Growing up in Tennessee, he moved to Los Angeles in the 1980s and worked as an erotic dancer. On the advice of a friend, he visited a gay sex club owned by porn actor Paul Hanson. Impressed with Blake's performance, Hanson recommended him to adult film producers who cast him in his first film, Ebony Knights. Known for working alongside veterans and adult film performers such as Gene LaMar and J.C. Carter, Blake appeared in over 100 films playing aggressive and dominant top roles.

Bobby Blake was a long time partner with Flex-Deon Blake. Bobby actually referred Flex-Deon to the producer Edward James, and secured the introduction of Flex-Deon to the adult industry. Bobby Blake has told the story of their relationship in his book, My Life in Porn.

Bobby Blake has written the book My Life in Porn: The Bobby Blake Story co-written by Blake and John R. Gordon and published in 2008. In his autobiography, he talks extensively about his youth and experiences in the adult film industry. In one of the closing chapters entitled "Prodigal Returns", Blake depicts himself in biblical terms as the "prodigal son" who "had to leave [his] church and the place of [his] birth and go out there in the far country." However, he continues, "in all the years I was working in the adult entertainment business, I never turned my back on God or the Bible teachings I had grown up with." Blake emphasizes that he has no regrets about his lifestyle, interpreting it as part of God's plan for him: "Now that it's over, I can accept that that journey was all part of God's plan for me."

He has retired from adult films around 2000 becoming an ordained Christian minister. In 2007 studied for a master's degree in criminal justice. He also worked for a while as a security manager for a big Memphis night venue called Club Census. Bobby Blake married Ronald Fraser March 29,2015 in Brooklyn NY

 Added 2021

 

1961Dennis Coi (d.1987) was a Canadian figure skater. He was the 1978 World Junior Champion and the 1982 Canadian bronze medallist. Coi also competed in pair skating; with partner Julie Mutchen, he was the 1974 Canadian novice bronze medallist.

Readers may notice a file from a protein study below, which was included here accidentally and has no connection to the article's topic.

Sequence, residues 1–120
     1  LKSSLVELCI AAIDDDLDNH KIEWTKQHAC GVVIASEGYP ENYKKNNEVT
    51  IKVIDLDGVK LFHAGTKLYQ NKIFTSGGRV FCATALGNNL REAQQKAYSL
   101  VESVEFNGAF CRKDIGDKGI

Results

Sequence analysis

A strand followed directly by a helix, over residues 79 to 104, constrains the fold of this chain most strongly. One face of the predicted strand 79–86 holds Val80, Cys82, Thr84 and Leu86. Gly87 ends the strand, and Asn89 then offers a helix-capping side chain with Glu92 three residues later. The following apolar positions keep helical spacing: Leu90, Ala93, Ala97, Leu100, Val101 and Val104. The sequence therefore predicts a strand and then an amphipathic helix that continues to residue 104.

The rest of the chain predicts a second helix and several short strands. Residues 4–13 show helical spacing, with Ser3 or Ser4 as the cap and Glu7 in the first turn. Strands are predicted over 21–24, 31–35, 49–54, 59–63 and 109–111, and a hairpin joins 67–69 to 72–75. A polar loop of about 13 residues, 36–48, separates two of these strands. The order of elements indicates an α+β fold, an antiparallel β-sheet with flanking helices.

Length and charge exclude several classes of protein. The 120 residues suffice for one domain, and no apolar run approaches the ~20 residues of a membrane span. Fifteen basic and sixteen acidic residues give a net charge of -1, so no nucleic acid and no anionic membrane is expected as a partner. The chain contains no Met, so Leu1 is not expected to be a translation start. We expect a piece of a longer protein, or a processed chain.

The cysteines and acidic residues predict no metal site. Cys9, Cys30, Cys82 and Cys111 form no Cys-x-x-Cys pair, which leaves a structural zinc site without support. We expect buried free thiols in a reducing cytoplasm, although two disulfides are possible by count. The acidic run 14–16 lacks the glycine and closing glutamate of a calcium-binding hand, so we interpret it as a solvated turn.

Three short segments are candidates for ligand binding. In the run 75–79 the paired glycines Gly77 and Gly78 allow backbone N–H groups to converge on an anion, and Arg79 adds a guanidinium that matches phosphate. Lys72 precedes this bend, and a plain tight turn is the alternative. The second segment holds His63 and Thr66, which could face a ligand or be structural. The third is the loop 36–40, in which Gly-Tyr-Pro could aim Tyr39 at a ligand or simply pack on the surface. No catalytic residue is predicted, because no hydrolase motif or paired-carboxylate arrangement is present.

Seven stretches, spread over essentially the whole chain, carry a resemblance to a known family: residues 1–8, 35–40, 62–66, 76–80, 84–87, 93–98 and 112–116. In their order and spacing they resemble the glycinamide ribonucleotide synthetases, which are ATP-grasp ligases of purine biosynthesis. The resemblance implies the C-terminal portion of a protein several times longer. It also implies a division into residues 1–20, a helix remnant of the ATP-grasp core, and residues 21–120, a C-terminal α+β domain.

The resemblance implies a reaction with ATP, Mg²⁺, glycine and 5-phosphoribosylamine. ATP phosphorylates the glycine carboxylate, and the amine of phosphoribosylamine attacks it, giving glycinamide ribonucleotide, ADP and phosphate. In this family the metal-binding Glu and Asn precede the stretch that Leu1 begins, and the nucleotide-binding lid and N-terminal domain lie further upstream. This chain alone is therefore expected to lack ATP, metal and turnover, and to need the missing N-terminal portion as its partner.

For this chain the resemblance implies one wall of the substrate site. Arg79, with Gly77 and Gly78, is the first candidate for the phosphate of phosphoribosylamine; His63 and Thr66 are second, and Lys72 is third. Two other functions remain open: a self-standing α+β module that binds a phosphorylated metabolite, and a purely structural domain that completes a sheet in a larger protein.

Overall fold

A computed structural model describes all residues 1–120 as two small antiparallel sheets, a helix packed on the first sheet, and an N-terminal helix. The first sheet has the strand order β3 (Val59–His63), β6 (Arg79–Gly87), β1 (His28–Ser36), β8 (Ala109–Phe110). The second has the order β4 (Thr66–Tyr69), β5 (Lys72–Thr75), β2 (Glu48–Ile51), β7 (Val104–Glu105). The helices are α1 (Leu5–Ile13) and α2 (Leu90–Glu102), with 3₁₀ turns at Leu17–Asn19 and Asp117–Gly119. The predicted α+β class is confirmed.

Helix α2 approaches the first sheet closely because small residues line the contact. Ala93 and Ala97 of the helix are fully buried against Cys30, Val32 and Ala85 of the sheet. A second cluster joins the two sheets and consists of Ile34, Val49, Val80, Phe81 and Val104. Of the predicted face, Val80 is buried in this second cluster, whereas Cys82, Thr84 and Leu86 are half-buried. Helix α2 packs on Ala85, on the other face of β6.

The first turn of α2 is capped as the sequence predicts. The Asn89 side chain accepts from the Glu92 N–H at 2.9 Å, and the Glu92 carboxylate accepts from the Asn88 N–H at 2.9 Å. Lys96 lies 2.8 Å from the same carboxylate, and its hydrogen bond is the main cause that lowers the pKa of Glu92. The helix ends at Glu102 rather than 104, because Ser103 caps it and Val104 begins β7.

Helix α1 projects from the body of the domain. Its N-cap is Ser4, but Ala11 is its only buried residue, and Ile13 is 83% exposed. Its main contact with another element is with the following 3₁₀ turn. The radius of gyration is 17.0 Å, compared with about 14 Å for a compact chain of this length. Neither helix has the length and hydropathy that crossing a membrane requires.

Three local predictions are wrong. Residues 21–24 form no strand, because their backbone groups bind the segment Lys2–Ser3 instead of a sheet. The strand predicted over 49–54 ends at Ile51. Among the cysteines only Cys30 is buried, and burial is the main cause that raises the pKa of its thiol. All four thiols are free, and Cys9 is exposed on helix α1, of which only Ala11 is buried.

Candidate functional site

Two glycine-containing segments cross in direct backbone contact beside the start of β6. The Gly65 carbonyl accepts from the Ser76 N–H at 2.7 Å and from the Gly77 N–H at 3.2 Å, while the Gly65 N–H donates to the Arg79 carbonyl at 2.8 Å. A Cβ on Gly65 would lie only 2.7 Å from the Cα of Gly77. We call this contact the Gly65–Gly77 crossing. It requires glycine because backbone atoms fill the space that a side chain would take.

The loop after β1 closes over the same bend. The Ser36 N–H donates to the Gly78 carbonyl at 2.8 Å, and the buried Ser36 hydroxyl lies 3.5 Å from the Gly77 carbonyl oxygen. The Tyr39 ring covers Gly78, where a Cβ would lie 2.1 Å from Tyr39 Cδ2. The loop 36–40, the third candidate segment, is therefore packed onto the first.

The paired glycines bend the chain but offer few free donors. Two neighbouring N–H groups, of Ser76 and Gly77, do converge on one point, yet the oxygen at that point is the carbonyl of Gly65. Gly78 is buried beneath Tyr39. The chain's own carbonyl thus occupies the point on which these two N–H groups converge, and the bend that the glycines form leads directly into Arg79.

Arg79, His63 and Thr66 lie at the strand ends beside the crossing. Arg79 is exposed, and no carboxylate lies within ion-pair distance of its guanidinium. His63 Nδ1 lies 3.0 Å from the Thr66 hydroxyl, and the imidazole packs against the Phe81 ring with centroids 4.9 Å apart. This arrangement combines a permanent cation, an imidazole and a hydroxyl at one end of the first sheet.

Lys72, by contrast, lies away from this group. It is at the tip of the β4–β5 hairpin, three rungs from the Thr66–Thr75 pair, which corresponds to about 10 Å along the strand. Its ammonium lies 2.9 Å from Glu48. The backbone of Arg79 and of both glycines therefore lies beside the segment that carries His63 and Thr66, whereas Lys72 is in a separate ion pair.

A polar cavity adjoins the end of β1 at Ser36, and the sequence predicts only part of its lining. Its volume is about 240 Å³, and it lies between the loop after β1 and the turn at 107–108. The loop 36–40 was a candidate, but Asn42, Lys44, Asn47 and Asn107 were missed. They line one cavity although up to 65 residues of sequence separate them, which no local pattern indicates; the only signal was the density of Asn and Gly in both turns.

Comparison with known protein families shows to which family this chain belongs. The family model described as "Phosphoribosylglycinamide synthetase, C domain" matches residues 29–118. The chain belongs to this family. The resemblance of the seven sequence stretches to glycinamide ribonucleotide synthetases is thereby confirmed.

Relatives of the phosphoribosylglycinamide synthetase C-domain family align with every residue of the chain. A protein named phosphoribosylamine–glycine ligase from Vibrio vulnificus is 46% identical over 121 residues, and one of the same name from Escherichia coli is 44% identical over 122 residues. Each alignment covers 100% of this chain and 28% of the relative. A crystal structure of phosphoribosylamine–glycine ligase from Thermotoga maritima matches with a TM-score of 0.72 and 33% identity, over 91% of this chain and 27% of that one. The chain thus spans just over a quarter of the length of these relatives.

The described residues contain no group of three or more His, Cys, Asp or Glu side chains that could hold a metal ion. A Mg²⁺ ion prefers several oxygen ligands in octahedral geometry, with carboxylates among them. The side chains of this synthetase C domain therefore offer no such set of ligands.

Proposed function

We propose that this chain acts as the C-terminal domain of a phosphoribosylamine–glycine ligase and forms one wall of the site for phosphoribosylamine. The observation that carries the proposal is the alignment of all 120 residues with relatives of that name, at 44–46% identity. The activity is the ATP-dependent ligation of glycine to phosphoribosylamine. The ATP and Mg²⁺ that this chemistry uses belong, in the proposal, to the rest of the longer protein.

Coi was gay, although he did not come out even to his own family until being diagnosed with HIV. He died of AIDS in 1987, amid a spate of AIDS-related deaths of Canadian figure skaters, including Brian Pockar, Robert McCall and Shaun McGill, which was portrayed in the media as a major crisis for the sport.

 

1970Charles M. Blow (born August 11, 1970) is an American liberal journalist, commentator, and current visual op-ed columnist for The New York Times.

Blow was born and raised in Gibsland, Louisiana. He graduated magna cum laude from Grambling State University, with a bachelor's degree in mass communication. He has worked as a graphics director and art director for The New York Times and National Geographic.

In April 2008, he began writing a column in The New York Times. His column had originally appeared biweekly on Saturdays. In May 2009, it became a weekly feature and appeared twice, weekly, in December 2012. As of May 2014, it appears every Monday and Thursday.

Blow often appears on CNN and MSNBC.

On February 22, 2012, Blow referred to presidential candidate Mitt Romney's "magic underwear", an apparent reference to the Temple Garment, in response to a comment by Romney about two-parent households. The comment was criticized as insensitive to Mormons. In response, Romney joked that "I guess we’re finding out for the first time that the media is somewhat biased." Blow later apologized.

In 2014, Blow published the book-length memoir entitled Fire Shut Up In My Bones.

In August 2016, while appearing on CNN with Donald Trump presidential campaign delegate Bruce Levell, Blow called Donald Trump a "bigot" and said that anyone who supported Trump is "a part of the bigotry itself."

In 2014, Blow came out publicly as bisexual.

 

1976Ben Gibbard is an American singer, songwriter and guitarist. He is best known as the lead vocalist and guitarist of the indie rock band Death Cab for Cutie, with whom he has recorded eight studio albums, and as one half of the electronica duo the Postal Service. Gibbard released his debut solo album, Former Lives, in 2012, and a collaborative studio album, One Fast Move or I'm Gone (2009), with Uncle Tupelo and Son Volt's Jay Farrar.